I do think that these historical events still effect society today. I think there's a trickle down effect. If a black family during these times were trying to get a house, compared to a white family getting a house...there could be so many things that has effects. The white family might've been in a zipcode with less pollution, leading to healthier life. While a black family could develop more health issues in a higher pollution area. Then their health could effect their work, leading to lesser income, higher bills for medical problems, etc.
This past year I read The Color of Law and learned that some HOA's still have in their bylaws that Black people are no allowed to own a house. Their obviously not enforced, but the fact that they're still there is crazy.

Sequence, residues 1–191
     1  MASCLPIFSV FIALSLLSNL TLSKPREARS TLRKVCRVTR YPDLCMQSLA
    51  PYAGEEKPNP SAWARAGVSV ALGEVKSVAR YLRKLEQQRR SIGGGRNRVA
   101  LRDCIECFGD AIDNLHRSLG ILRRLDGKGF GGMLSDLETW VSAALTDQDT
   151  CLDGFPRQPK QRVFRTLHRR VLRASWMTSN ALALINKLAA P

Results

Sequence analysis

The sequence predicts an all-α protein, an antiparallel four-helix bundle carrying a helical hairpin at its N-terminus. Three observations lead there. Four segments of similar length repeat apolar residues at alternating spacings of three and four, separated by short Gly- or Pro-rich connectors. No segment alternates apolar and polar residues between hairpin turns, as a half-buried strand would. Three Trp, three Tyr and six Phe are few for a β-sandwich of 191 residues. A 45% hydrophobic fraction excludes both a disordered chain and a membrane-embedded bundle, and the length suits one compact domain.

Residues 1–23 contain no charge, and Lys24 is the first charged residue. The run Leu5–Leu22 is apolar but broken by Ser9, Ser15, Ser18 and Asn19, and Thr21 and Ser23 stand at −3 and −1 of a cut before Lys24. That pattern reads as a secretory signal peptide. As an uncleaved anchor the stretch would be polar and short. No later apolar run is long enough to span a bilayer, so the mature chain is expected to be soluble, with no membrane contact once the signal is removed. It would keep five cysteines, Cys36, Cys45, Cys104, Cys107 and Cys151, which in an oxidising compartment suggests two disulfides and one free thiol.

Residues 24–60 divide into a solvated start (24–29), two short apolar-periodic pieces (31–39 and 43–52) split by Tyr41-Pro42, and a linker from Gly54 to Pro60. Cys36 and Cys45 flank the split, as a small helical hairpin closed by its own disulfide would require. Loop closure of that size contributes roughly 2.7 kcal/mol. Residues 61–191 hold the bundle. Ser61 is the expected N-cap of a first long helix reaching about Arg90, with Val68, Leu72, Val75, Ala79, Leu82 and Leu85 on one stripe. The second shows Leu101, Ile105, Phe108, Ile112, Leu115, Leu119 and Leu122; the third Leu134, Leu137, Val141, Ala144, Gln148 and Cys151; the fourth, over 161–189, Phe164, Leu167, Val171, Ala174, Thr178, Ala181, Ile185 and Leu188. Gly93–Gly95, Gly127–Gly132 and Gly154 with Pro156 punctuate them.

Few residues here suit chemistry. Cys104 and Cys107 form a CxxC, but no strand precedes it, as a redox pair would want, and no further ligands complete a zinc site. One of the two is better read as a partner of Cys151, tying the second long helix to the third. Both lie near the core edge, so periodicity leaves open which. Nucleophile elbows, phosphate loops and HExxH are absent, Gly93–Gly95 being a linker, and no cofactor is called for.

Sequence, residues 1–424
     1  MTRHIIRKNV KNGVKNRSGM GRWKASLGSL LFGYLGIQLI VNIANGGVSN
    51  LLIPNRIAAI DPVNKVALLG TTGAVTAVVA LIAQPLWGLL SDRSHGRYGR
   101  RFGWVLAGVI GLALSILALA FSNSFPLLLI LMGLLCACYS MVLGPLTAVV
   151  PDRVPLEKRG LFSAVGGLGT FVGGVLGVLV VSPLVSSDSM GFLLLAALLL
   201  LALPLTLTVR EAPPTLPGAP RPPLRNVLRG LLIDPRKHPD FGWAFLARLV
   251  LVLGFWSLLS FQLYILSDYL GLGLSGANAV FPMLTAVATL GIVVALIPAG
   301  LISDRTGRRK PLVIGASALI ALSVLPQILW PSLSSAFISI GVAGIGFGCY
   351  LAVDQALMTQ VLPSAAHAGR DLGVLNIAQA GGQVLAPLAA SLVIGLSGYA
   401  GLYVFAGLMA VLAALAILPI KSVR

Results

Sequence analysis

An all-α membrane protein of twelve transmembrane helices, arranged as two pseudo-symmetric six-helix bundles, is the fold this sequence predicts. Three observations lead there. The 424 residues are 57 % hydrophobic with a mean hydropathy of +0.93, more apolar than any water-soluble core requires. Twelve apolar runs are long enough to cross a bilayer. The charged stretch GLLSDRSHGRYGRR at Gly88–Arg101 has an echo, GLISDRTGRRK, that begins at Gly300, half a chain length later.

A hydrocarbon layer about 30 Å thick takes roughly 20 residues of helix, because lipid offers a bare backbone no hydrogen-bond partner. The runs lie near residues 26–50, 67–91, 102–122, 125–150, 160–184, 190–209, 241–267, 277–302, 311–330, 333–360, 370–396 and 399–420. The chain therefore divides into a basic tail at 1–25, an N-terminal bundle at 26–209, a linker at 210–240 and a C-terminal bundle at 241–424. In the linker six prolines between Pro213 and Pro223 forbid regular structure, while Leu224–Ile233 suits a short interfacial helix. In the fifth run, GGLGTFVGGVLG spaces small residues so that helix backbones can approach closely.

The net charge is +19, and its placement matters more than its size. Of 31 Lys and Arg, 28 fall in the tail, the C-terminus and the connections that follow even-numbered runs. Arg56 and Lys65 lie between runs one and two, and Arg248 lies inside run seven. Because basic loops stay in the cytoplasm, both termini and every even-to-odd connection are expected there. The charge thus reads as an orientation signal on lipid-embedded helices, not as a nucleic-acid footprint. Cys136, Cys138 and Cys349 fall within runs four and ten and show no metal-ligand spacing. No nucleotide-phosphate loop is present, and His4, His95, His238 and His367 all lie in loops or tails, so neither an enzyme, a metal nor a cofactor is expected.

Frustration & anger is the main emotion that comes from this section overall. Frustration & anger that it happened - and more that most of this is never taught in schools.
The first time I learned about the Japanese prison camps was in college. Not from a class, but from an episode of Hawaii 5-0. It was a flash back episode and was covering what happened. As I watched it, I was like.."what, when did this happen??" And quickly jumped to google. Holy cow - how was this never taught? The camps make me think though that the detention centers near the border is just a modern day repeat of this. Other than speaking up, what laws need to be drawn up to make sure these camps aren't set to repeat every x amount of years?